NY Dems Blast Sanders for Unjust Criticism of Israel

Courtesy of Gov. Andrew Cuomo's Office

Courtesy of Gov. Andrew Cuomo's Office


New York Governor Andrew Cuomo on Sunday expressed his frustration that elements of the Democratic Party are criticizing Israel’s 2014 response in Gaza, without mentioning Democratic presidential candidate Bernie Sanders by name.

“I am surprised and saddened, in truth, that with the political turmoil in this country, there have been so many questions raised about our relationship with Israel and our support for Israel,” Cuomo said during a pro-Israel speech at The Harvard Club in New York on Sunday. “You now have aspects of the Democratic Party that are being critical of Israel as being disproportionate in its response. I’m sad as a Democrat.”

“As a Democrat, I always took for granted that there was a natural relationship with Israel that was unquestioned, and it was that way for many, many years. And it’s one of the things that gave us pride as Democrats,” Cuomo asserted. “To question Israel’s response saddens me. To question the situation they’re dealing with and the tenacity of their opponents misunderstands the situation.”

Cuomo made the comments during a signing ceremony of an executive order to fight BDS against Israel.

The governor said he finds comfort in the fact that the Democratic Party and the leadership of the Democratic Party “are far and away stronger supporters of Israel than of any other party – not to get political.”

Congressman Jerry Nadler, a Democrat from Manhattan, also slammed Sanders for calling Israel’s response to Hamas’ firing of rockets into Israel “disproportionate.”

“The most incendiary and disgusting thing that Sanders said at the debate in Brooklyn, when he said that Israel had a ‘disproportionate response’ when they were being bombarded by Hamas,” Nadler told Jewish Insider after the event. “I was there (in Israel) then. I saw those missiles. The fact that there were more Palestinians killed than Israelis does not say anything about a disproportionate response. It’s not the issue. This ‘disproportionate response’ doctrine is an attempt to handcuff Israel from responding to aggression, from fighting in defensive wars. And that’s wrong. Bernie is every guilty of that.”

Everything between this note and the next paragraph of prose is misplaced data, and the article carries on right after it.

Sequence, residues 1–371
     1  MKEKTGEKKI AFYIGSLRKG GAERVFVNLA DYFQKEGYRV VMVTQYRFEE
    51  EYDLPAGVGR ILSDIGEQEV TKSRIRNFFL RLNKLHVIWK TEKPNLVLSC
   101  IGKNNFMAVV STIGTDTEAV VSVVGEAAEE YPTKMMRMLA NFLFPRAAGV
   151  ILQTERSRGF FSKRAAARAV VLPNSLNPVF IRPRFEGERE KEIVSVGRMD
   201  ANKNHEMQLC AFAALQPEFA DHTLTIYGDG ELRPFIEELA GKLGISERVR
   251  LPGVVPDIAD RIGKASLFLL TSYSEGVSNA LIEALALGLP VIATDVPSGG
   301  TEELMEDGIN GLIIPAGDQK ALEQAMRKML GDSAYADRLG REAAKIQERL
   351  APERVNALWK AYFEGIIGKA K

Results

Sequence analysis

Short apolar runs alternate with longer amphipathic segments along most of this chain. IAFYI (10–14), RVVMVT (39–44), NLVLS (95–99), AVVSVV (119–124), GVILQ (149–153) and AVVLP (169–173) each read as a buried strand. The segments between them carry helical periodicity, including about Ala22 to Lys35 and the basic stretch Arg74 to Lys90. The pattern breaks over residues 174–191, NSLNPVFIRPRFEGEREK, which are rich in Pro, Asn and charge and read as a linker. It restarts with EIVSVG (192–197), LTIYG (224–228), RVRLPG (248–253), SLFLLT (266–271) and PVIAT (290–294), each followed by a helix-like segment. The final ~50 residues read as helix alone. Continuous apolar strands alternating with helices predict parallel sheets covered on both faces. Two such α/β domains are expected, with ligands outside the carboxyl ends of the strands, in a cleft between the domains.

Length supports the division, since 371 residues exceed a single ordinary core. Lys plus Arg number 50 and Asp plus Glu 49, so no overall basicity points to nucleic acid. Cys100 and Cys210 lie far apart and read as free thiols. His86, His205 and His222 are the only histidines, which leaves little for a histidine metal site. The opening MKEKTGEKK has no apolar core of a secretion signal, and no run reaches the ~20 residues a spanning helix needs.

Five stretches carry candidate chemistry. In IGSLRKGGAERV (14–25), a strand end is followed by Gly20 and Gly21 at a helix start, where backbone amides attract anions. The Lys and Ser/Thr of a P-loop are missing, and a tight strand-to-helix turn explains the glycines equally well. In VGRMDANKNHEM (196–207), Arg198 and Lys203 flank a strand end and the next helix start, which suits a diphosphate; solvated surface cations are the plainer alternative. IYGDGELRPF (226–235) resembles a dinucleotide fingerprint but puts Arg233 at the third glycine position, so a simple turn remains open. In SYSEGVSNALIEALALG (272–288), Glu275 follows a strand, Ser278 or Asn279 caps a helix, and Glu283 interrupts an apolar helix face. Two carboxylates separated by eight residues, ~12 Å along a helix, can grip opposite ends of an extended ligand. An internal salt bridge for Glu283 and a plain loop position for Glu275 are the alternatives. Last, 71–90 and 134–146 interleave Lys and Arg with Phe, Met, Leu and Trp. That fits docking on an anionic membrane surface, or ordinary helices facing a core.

Nalder added that he’s sure the Democrats will approve a “fine platform” at the convention, although he would not say what wording – if any changes are made in the drafting committee – would be acceptable. But he said that he’s mostly “concerned” that a faction of the party led by Sanders or Cornel West “could generate a debate that makes the Democratic Party look – during the debate – not good or anti-Israel, which could cost us a lot of votes against Trump.”

The Democratic platform, according to Nadler, should be supportive of Israel, supportive of the two-state solution, and “not be condemnatory against Israel.” He also suggested an educational campaign to increase support for Israel among young Democratic and liberal voters.

Speaking to reporters in New York City on Sunday, Senator Chuck Schumer said he believes that the Democratic Party’s platform “will be as strong for Israel this year as it has been in the past years. The vast majority of the Democrats believe in a strong Israel, believe in an independent Israel, and know that she is beleaguered by terrorists left, right and center.”

According to Schumer, “Sanders put one or two people on his part of the platform committee who don’t have the views of the vast majority of Democrats, but they don’t have a majority of votes on the platform committee and I don’t think they will get their will.”


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